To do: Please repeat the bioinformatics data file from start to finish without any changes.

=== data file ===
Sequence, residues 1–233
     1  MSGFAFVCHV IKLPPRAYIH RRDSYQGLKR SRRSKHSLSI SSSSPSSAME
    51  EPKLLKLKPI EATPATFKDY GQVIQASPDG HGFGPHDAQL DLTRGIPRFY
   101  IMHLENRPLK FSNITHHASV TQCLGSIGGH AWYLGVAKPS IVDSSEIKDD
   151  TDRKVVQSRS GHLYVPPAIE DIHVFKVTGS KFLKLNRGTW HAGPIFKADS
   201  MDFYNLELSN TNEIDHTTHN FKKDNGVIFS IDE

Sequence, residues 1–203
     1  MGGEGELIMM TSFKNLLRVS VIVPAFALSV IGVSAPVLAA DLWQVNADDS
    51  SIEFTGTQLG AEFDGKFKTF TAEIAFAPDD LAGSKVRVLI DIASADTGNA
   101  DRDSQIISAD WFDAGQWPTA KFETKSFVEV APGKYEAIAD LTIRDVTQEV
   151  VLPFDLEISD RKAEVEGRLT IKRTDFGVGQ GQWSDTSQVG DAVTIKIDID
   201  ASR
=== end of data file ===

Sequence, residues 1–233
     1  MSGFAFVCHV IKLPPRAYIH RRDSYQGLKR SRRSKHSLSI SSSSPSSAME
    51  EPKLLKLKPI EATPATFKDY GQVIQASPDG HGFGPHDAQL DLTRGIPRFY
   101  IMHLENRPLK FSNITHHASV TQCLGSIGGH AWYLGVAKPS IVDSSEIKDD
   151  TDRKVVQSRS GHLYVPPAIE DIHVFKVTGS KFLKLNRGTW HAGPIFKADS
   201  MDFYNLELSN TNEIDHTTHN FKKDNGVIFS IDE

Sequence, residues 1–203
     1  MGGEGELIMM TSFKNLLRVS VIVPAFALSV IGVSAPVLAA DLWQVNADDS
    51  SIEFTGTQLG AEFDGKFKTF TAEIAFAPDD LAGSKVRVLI DIASADTGNA
   101  DRDSQIISAD WFDAGQWPTA KFETKSFVEV APGKYEAIAD LTIRDVTQEV
   151  VLPFDLEISD RKAEVEGRLT IKRTDFGVGQ GQWSDTSQVG DAVTIKIDID
   201  ASR